It’s human nature, you panic. I don’t care what your name is. You can’t help it. Fuck, man, you panic on the inside, in your head, you know? You give yourself a couple of seconds. You get ahold of the situation. You deal with it. What you don’t do is start shooting up the place and start killing people. (Reservoir Dogs: Quentin Tarantino, 1992)
It’s less than a month to go before the Shakespeare exams my Y11s and Y13s will be taking. The Y12s and Y10s have mocks broadly over the same period.
Today’s post relates to three things I often say in the classroom:
Firstly, that panic is fine, a good thing almost, inasmuch as it gets the adrenaline going and allows you to perform superhuman feats in the hall. You think and write faster. It’s a basic, fight-or-flight, caveman thing … but we are not cavemen, so we panic just a little, on the inside. Then we get a grip. Right?
Then, the observation that the biggest enemy of the well-prepared student is time. Students ask more frequently than you might imagine whether I/we could get a top grade at GCSE or A Level. My response is always that the toughest thing for me – and all the other teachers in the department – would be getting their ideas down in the time allowed. (Related to this, I am tirelessly saying that if you finish early in any English exam, you have probably done something very wrong)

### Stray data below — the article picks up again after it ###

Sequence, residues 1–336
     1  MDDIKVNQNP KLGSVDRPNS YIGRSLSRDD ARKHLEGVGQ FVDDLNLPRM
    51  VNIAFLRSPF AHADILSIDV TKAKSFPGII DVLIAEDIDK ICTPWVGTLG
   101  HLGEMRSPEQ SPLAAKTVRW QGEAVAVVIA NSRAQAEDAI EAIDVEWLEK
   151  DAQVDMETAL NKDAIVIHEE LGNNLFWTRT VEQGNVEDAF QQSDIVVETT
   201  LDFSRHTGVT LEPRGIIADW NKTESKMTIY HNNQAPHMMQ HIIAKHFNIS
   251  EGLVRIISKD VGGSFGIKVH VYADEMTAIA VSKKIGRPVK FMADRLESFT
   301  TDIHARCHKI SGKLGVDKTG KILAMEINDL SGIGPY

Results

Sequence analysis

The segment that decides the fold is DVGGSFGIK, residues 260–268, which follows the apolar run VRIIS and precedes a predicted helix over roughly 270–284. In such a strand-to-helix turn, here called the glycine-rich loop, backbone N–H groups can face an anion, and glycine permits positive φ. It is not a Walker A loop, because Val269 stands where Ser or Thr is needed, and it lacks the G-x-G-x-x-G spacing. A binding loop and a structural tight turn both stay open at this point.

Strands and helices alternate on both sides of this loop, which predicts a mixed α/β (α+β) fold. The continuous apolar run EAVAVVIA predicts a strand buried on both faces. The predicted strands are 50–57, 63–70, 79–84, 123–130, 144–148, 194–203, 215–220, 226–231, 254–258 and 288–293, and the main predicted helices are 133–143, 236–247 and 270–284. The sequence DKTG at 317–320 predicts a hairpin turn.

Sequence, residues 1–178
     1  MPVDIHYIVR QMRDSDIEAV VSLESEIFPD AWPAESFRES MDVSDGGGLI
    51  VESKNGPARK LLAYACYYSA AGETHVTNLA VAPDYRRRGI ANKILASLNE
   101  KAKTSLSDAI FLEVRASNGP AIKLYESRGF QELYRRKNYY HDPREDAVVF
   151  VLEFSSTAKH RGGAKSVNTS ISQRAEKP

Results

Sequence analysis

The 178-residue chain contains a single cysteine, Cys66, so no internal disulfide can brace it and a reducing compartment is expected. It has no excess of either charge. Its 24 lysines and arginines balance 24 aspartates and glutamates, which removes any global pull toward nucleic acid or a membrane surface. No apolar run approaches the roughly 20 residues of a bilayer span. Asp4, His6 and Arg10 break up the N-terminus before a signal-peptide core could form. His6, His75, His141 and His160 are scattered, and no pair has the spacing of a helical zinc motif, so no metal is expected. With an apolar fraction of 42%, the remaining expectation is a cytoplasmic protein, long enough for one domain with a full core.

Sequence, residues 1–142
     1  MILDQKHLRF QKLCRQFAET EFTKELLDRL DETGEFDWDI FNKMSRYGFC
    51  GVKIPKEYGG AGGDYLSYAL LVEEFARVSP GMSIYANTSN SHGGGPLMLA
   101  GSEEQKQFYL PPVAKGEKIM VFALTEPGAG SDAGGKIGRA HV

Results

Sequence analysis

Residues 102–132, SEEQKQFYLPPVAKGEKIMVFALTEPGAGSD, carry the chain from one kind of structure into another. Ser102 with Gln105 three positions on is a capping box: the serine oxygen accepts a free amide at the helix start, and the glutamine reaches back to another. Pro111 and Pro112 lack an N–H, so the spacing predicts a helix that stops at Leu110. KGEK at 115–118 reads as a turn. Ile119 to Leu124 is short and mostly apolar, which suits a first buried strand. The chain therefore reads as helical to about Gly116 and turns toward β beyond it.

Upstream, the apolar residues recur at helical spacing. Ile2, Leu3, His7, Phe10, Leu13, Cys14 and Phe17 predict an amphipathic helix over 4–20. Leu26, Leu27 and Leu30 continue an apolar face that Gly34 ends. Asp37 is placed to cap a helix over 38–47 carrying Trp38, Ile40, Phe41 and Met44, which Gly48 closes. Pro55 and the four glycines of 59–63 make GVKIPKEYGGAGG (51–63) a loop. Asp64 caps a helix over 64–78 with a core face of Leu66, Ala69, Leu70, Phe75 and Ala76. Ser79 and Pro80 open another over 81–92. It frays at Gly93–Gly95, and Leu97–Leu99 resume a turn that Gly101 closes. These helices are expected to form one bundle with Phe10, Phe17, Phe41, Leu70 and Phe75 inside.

Finally, and connected to the above, is the notion that I won’t ask my students to do anything I wouldn’t do myself. That’s a bit of a fop to my enjoyment of writing model answers: see all those Forensic Friday posts.
So. At A Level (OCR board), students have a 35-40 minute question in which they’re presented with an extract from the play they’ve studied and asked, basically, to thoroughly analyse it – and this is exactly what I asked my Y12 and Y13 classes to do yesterday, with different extracts from Richard III. I could have written yet another Forensic Friday model, but actually I thought it might be useful to do something else.
What you have here, therefore, is my copy of the Y12 question paper, with my annotations over the course of six-minutes, leaving about a half-hour race against time to get a prize-winning answer written.
And yes, my heart WAS beating a little faster by the end …
Feel free to give me a shout with any questions about my annotations!
PS: shooting up the place and killing people is not a recommended exam strategy.